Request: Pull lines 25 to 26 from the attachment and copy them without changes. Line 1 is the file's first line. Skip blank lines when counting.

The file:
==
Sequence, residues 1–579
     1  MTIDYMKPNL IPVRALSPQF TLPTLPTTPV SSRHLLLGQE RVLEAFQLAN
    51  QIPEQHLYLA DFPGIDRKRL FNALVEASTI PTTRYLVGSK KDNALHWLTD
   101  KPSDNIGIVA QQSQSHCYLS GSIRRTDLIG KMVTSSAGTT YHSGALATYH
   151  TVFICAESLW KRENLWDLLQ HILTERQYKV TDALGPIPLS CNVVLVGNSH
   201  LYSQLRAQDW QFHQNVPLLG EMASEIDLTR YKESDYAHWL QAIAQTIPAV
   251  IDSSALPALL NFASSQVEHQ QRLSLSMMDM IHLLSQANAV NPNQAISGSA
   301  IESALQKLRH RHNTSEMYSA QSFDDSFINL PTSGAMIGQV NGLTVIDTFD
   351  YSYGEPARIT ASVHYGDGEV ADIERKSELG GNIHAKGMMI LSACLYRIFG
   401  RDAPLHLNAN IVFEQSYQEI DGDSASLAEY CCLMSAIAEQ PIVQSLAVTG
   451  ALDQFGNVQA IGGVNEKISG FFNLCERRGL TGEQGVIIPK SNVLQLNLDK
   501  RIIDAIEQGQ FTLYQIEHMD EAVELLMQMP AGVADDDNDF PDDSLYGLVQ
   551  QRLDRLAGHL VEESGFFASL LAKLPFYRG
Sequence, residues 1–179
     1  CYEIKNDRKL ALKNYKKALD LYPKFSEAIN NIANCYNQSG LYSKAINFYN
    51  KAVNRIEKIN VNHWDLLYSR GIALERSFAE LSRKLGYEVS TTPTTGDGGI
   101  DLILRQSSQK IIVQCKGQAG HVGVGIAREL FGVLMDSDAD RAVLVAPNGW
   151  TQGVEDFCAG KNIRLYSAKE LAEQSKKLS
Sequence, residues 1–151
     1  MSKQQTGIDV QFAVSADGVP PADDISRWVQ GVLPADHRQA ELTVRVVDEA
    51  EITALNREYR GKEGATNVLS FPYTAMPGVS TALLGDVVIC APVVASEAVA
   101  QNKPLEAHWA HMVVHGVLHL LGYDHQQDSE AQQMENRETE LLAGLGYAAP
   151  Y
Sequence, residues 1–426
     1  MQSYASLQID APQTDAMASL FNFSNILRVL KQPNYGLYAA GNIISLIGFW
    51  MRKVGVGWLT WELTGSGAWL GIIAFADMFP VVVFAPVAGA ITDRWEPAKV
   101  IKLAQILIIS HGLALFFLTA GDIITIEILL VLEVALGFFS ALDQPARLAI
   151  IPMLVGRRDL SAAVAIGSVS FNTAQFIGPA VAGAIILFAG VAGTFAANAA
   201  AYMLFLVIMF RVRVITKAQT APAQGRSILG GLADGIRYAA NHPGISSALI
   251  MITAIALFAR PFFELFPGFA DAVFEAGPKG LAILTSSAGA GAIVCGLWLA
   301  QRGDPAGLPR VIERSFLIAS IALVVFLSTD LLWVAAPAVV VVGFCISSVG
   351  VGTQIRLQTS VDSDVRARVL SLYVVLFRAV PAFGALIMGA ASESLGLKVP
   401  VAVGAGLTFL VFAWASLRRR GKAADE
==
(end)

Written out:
     1  MQSYASLQID APQTDAMASL FNFSNILRVL KQPNYGLYAA GNIISLIGFW
    51  MRKVGVGWLT WELTGSGAWL GIIAFADMFP VVVFAPVAGA ITDRWEPAKV